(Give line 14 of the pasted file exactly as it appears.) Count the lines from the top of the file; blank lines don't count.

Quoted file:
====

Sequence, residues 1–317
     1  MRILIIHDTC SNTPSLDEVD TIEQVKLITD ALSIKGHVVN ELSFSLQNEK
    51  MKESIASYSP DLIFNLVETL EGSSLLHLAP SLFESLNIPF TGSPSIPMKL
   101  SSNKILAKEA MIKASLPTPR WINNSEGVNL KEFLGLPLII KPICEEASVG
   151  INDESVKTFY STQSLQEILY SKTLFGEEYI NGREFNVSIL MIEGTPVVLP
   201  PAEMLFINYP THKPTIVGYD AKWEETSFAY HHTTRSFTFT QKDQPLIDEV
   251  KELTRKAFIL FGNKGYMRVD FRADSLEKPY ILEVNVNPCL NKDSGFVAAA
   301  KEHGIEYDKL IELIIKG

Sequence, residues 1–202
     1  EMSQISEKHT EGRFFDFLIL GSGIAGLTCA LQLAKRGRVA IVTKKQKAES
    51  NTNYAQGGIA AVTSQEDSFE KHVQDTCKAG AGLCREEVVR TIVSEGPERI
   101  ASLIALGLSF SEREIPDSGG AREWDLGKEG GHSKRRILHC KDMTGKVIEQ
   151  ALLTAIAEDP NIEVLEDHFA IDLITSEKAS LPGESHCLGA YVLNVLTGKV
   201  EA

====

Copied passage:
   201  EA